Whenever enterprise-caliber organizations complete payments (frequently!) using Stone tokens, RBC holders get their share of a 10% royalty.
Plus, rather than monthly or annual royalties seen within the realm of traditional finance, royalty token holders receive immediate compensation at the conclusion of every network transaction.
While utility tokens are similar to an airline’s frequent flyer miles — spendable within a closed-loop ecosystem — security tokens represent ownership of non-crypto assets holding value in external markets.
And, as you can imagine, STOs are on the rise. Discerning investors and startups have a lot to appreciate about security tokens:
- Similar to professional stock options
- Tied to real securities which mostly represent tokenized assets
- Already compliant — probably won’t suffer from government interference in the future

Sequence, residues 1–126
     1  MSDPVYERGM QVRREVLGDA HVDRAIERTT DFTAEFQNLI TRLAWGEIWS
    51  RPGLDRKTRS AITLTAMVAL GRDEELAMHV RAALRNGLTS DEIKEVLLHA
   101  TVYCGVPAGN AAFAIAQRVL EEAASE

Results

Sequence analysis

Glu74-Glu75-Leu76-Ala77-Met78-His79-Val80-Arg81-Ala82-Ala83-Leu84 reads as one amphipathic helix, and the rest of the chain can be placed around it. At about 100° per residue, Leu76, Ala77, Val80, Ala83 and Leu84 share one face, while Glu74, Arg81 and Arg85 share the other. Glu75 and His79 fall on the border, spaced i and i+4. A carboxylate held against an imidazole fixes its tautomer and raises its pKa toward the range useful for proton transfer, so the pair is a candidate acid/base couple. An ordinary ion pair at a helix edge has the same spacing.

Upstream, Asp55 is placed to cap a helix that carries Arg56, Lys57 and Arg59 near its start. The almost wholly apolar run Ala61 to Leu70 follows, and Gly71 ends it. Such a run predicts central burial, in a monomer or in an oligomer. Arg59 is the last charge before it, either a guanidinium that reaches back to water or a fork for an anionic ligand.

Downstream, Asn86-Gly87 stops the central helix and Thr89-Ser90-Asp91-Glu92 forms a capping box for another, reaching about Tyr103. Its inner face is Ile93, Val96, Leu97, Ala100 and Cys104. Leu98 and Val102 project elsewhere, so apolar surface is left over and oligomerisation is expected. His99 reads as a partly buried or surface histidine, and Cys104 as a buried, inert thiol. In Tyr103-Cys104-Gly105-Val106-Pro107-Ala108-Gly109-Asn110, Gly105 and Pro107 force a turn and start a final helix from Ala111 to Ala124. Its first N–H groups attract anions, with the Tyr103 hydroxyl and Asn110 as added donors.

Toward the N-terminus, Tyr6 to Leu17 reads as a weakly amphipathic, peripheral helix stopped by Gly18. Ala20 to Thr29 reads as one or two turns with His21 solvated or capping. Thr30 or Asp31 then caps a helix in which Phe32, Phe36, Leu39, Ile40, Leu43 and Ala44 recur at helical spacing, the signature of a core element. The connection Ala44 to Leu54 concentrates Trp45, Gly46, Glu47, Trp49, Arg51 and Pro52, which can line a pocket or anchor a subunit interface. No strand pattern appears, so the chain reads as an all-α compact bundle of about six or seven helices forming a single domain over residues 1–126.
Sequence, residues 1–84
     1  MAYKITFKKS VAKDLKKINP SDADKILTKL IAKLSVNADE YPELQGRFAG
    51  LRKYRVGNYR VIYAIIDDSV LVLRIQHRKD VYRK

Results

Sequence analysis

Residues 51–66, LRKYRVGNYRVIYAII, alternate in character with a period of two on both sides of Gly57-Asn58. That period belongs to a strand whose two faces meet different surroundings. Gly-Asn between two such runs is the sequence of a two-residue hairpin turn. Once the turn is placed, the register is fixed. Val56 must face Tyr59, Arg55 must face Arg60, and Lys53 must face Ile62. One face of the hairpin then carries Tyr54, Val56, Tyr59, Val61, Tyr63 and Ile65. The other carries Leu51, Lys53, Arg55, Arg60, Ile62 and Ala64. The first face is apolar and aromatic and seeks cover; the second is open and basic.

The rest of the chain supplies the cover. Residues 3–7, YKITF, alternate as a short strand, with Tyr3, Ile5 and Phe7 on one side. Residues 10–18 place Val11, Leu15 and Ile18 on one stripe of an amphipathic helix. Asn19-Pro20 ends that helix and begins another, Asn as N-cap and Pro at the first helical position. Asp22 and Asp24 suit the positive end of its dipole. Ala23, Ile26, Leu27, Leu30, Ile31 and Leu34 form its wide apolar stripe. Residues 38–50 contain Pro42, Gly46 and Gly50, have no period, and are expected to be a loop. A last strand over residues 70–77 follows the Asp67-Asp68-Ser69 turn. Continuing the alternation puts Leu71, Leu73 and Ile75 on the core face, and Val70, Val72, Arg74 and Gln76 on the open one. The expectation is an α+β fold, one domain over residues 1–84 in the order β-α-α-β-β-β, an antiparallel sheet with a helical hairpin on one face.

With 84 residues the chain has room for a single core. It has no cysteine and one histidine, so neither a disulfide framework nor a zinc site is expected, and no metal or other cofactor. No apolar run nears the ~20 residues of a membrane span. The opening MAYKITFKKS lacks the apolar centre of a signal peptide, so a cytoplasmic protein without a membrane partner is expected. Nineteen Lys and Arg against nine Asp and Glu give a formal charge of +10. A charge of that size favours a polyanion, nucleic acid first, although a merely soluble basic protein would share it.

- Easily segment assets into smaller sub-divisions — making it possible for investors to own fractions of the asset
- Backing by external assets creates value as soon as they issue
- Reduced costs compared to traditional IPOs
And with our RTO model, we’re essentially creating Security Tokens 2.0.
Like ethereum did for bitcoin, we examined existing models and sought to make improvements.
From ICO to STO to RTO, the cryptocurrency industry has come a long way. And we’re excited to offer the next step in the evolution of tokenized securities!
Data services and blockchain tech are a perfect pair — and our future tokens are set to streamline the exchange of the world’s dormant storage capacity.